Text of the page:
People often ask me why it matters to have a label like “autistic.” I explain that the name “autistic” provides an individual with a new framework of seeing and understanding themselves. Most late-identified autistics shift from feeling “broken” to realizing they are fine as they are. It’s a very transformative experience.
Identifying as autistic also provides a person with access to new information and communities. They can more accurately search for people with lived experiences and ideas for how to navigate the world as an autistic.
Since learning I am autistic, I’ve been amassing strategies to work with my autistic mind. I used to think I needed to change my mind. I kept thinking I could somehow change the way my brain perceived the world and the large influx of emotions and thoughts. I tried all the strategies therapists recommended, and they didn’t work (see my essay Common Therapy Advice That is Counter-Productive for Autistics).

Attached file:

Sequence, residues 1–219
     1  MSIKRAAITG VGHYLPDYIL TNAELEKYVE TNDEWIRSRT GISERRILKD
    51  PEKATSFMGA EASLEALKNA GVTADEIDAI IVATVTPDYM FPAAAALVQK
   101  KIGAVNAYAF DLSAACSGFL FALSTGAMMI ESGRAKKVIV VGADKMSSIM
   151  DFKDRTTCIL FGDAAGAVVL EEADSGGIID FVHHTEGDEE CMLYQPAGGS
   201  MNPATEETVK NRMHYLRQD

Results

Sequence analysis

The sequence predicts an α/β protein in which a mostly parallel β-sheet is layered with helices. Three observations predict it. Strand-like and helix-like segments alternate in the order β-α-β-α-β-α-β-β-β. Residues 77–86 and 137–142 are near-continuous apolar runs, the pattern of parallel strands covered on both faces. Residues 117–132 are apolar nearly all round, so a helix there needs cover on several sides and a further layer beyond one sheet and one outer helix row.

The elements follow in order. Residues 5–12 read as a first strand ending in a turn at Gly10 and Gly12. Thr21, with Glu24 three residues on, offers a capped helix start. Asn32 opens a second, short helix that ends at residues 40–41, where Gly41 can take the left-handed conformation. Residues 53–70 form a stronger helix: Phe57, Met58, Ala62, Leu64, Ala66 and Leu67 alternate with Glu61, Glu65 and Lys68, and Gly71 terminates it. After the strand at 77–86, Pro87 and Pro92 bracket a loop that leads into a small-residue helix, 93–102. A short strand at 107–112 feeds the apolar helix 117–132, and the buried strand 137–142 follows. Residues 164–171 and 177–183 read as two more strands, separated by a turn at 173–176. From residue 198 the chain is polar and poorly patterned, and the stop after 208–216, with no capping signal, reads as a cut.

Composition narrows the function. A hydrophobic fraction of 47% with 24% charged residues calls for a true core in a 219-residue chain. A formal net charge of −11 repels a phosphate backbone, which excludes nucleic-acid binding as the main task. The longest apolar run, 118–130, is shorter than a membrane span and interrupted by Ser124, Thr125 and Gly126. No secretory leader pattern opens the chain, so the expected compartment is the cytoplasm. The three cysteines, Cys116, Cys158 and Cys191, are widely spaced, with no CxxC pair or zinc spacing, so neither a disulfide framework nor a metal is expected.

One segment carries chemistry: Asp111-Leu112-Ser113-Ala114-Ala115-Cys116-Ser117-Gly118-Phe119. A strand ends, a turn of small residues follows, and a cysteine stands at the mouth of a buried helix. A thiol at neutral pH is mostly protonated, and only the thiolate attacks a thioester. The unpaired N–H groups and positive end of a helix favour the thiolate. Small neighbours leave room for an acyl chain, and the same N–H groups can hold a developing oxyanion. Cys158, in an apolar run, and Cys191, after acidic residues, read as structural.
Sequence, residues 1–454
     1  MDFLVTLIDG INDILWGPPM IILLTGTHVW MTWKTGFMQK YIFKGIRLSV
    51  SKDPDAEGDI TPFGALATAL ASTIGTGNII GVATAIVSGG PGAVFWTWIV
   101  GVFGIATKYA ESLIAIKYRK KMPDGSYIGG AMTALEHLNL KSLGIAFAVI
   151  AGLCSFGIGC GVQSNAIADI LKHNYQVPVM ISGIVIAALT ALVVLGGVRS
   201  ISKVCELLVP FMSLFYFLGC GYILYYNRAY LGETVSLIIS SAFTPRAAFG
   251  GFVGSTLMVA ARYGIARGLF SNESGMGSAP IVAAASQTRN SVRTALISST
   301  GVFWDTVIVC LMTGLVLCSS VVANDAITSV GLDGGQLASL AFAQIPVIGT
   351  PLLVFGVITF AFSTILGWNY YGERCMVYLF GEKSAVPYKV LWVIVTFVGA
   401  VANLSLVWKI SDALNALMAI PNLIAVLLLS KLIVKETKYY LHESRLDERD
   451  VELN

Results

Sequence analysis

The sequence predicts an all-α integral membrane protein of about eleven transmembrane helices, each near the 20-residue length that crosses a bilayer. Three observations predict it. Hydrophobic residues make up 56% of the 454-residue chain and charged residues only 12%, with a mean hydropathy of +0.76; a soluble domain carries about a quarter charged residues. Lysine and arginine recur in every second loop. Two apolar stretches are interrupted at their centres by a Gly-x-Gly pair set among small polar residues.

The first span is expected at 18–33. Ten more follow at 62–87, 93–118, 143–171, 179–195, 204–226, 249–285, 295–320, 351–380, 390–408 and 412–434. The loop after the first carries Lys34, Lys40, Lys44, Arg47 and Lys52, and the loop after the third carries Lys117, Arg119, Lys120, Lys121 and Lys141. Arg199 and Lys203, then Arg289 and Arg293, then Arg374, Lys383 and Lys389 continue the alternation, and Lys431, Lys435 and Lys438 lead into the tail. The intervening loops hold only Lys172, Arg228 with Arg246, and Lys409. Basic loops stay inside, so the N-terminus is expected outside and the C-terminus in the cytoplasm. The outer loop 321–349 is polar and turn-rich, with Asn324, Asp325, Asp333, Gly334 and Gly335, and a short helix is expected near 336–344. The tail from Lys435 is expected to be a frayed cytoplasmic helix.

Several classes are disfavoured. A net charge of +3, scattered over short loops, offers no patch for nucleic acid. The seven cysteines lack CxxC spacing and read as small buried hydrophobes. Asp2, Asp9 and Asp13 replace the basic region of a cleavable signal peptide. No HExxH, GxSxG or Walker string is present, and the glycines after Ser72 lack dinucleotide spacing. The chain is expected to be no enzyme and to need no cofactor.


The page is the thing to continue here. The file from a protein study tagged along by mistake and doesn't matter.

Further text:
Learning I was autistic helped me to accept my brain as is and learn to work WITH it.
What does that mean? It means MANY things. That can look like shaping the external environment to meet my sensory needs. It can look like altering my daily schedule so that I have less social meetings in a day. It can be honoring when I need some downtime and space from others.
The amount of strategies and ideas are really endless. I’m constantly picking up new ideas from books, podcasts, articles, and my clients. I’m now a therapist who specializes in late-identified autism, and my clients frequently have brilliant strategies they’ve developed for themselves.
Ideas are great on paper, but they primarily make a difference when we try them out. Some make little, barely perceptible differences in my life - like using a visual timer, while others alter my entire life - like capping myself at seeing only three clients a day to honor my energetic capacity.
I try to capture this wide variety of strategies and my experiences with them in my writing. You can see some of my recent essays about strategies below:
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